The dismissal of Joseph Raihelgauz, the artistic director at the School of Modern Drama, was also met with a “what-on-earth-has-he-done”. Raihelgauz did not just head the School of Modern Drama; he had founded and built this theater in more ways than one, securing permission to use the building in Trubnaya Square, overseeing the renovation, miraculously saving the theater after a horrific fire by not letting city officials use the occasion to take away the unique historical building, and doing all he could for the theater to keep its home. And the theater did keep its home.
Meanwhile, Raihelgauz was always friends with the city administration, trying to stay in their good graces and inviting them to all first nights and soirées. Moscow's minister of culture, Alexander Kibovsky, even had a one-man show at his theater. All this time, Raihelgauz’ right-hand woman was Ekaterina Kretova – a prominent, or rather, a notorious figure in the theater community, well-known for her patriotic attitude. Like Krok balanced out Tuminas, Kretova provided a sort of smokescreen for her superior’s liberal zeal.
Kretova provided a sort of smokescreen for her superior’s liberal zeal
Raihelgauz attended every political talk show, using his charm and talent to enact the role of a “mainstream liberal” and a “whipping boy” – a popular archetype in television propaganda. However, the unleashed war exposed him as an enemy and a renegade: Odesa-born, he did not conceal his pro-Ukrainian sentiment and was close friends with the disgraced fugitive Anatoly Chubais, who was also the theater's patron. And just like that, he became a foe. He was replaced by Dmitry Astrakhan – once a promising director, who has nevertheless failed to do anything culturally meaningful in the last couple of decades.
In April, Denis Azarov, the artistic director of Roman Viktyuk's Theater, was fired for an anti-war statement. All of Azarov's projects have been canceled. Theater manager Alexander Smertin ordered to fire all “politically unreliable” staff.
Denis Azarov, the artistic director of Roman Viktyuk's Theater, was fired for an anti-war statement
Dmitry Krymov, one of Russia's most in-demand theater directors, a unique artist and drama professor, left for the US, where he had a production scheduled, at the beginning of the war and decided against returning to Russia. He is now staging productions in Lithuania and Latvia. In Riga, Krymov accepted the invitation of Alvis Hermanis, the artistic director of the New Riga Theater, to work on a performance starring Chulpan Khamatova, an actress who had also left Russia in the outrage over the war.
Viktor Ryzhakov, the artistic director of Sovremennik, managed to hold his position for a year and a half. All this time, he was the object of well-organized bullying by fake civil activist groups like the Veterans or the Officers of Russia. He was accused of desecrating the great victory for his project Conversations about the War (a website with audios of young actors talking about their understanding of the Great Patriotic War and the Soviet Union's victory, openly and sincerely, without pathos or show-off patriotism). He also allegedly insulted war veterans and spread “gay propaganda” with his production First Bread (staged by Polish director Benjamin Koc), and suggestions were made to strip its lead actress, award-winning Liya Akhedzhakova, from all her national awards and titles.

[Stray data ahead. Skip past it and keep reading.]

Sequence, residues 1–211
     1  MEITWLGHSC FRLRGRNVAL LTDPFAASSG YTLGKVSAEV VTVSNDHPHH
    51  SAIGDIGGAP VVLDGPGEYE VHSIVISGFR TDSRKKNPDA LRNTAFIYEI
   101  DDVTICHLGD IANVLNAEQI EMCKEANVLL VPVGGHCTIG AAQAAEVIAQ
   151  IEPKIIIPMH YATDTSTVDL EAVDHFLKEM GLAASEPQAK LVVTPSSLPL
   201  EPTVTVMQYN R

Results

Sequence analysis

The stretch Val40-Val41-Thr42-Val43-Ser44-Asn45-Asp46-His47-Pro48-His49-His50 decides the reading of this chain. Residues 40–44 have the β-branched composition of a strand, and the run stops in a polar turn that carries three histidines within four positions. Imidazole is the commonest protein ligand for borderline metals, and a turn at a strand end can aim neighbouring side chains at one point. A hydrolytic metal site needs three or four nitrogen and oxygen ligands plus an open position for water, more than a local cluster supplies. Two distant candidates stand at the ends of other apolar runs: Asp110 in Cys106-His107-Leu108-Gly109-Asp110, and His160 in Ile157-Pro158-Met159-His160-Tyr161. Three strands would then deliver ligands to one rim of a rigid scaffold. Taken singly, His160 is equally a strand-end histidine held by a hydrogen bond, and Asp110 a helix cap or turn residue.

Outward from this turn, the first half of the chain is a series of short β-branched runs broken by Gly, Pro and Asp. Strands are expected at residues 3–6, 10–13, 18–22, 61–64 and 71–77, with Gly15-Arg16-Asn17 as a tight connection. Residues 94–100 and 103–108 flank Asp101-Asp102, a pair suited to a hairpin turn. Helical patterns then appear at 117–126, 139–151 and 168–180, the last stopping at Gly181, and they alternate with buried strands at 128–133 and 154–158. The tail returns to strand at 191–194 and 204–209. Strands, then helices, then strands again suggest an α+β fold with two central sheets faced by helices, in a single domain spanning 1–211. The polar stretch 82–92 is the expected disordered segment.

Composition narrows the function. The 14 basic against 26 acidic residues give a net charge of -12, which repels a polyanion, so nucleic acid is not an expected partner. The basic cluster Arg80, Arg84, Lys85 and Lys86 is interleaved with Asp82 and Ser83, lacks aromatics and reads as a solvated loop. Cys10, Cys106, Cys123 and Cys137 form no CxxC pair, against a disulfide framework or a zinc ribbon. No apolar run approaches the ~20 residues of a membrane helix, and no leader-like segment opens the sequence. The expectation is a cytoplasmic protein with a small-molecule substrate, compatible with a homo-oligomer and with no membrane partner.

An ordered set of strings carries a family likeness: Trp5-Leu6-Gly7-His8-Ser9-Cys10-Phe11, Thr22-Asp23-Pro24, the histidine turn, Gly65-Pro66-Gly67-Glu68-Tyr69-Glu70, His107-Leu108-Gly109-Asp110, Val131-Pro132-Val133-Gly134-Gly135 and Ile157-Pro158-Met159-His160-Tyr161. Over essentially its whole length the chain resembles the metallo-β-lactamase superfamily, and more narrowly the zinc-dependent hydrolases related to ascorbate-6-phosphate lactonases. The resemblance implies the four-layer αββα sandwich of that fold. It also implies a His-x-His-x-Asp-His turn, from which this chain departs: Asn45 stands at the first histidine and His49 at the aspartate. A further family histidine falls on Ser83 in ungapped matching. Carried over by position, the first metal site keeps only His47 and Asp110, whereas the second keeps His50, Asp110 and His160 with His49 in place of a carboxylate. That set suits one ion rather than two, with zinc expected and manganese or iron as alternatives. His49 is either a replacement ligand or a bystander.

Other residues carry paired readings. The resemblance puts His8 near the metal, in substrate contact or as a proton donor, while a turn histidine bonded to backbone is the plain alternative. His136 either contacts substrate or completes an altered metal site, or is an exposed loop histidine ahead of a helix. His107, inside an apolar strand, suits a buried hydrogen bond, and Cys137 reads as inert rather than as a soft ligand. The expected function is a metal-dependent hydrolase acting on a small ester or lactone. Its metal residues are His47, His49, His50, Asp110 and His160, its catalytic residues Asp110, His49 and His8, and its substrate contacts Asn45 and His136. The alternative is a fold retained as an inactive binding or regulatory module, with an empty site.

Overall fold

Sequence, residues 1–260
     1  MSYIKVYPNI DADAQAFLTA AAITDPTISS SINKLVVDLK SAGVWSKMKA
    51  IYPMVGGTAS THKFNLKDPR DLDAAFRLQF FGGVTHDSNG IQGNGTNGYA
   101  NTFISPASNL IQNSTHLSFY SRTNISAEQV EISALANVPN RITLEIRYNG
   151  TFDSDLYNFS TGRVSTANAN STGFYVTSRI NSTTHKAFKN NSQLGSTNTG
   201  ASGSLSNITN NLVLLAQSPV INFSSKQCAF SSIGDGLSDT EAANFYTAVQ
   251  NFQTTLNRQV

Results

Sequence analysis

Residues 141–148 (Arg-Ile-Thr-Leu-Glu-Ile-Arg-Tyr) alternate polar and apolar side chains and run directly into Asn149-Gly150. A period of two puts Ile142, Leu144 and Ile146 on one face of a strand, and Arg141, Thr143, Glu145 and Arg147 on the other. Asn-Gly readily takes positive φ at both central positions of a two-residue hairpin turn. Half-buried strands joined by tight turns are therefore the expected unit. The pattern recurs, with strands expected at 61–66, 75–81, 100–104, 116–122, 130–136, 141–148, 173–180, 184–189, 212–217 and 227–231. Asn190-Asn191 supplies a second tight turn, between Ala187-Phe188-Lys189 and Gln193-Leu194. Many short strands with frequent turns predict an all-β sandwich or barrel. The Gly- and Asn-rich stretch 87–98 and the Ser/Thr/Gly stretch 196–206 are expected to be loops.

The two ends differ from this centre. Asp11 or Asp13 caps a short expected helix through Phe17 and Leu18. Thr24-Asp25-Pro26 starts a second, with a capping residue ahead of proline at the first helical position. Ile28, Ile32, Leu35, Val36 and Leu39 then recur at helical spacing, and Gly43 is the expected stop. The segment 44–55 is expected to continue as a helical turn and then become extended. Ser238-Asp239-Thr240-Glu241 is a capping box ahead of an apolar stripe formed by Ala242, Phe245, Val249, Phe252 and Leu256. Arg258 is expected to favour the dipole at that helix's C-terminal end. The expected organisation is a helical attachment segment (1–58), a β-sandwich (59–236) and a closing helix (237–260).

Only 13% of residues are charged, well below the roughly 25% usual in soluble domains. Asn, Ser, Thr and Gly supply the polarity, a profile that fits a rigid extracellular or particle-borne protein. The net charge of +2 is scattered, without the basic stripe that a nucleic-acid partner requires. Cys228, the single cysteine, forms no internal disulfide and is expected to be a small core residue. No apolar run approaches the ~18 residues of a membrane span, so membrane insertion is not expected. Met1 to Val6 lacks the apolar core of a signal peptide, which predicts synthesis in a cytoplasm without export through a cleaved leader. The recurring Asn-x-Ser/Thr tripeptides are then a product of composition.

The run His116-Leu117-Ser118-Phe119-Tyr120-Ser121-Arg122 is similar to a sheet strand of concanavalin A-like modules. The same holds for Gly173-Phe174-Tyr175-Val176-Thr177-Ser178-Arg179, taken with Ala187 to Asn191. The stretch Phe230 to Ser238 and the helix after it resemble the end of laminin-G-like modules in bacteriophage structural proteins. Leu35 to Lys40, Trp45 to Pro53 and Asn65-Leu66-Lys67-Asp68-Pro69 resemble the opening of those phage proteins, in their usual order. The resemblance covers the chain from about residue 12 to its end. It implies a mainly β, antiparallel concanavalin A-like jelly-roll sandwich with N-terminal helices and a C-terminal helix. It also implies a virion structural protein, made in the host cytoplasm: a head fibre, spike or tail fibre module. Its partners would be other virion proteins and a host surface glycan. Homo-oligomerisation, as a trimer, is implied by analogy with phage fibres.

Meanwhile, the theater suffered from internal dissent: company members who’d inherited the former artistic director Galina Volchek’s patriotic sentiment (alas!) believed that Sergey Garmash was a more worthy successor for her and could do justice to the theater's traditions. Consequently, they were vehemently opposed to Viktor Ryzhakov’s plans of transforming the theater in line with its initial concept (sovremennik is the Russian for “contemporary”). Sergey Garmash is yet to return to Sovremennik from his home city of Kherson, where he has been tasked with “reviving Russian culture” on occupied land. We can’t rule out, however, that once he is done with Kherson, Sovremennik will be in for “cultural revival” as well – starting, no doubt, with the expulsion of Akhedzhakova and the like.
“I resign. You make me sick,” Meyerhold Center employees wrote to their new manager
Prior to Sovremennik, Viktor Ryzhakov founded and headed the Meyerhold Center (TSIM), where he put together a unique team of modern, free-thinking, bright, and unconventional creators. With Ryzhakov at the helm, TSIM was a truly contemporary theater: a multi-floor space for experimental performing arts, lectures, seminars, workshops, debuts, and festivals. After Ryzhakov left, his team remained at TSIM, led by the art director Elena Kovalskaya and director Dmitry Volkostrelov. On February 24, Kovalskaya publicly announced her resignation in protest over Russia's military aggression against Ukraine, and Volkostrelov published an anti-war declaration on the theater's website.
The reaction was instant. Volkostrelov was fired without any explanation; the Meyerhold Center was merged with Drama Arts School, with Olga Sokolova as its new manager. It was Sokolova whose leadership had once forced Dmitry Krymov to leave another theater, saying “Olga Eduardovna, you make me sick!” The sentiment was shared by many TSIM employees, who were abandoning the center in droves. “I resign. You make me sick,” they wrote to their new manager. Yet another hub of modern art was erased from the map of Moscow.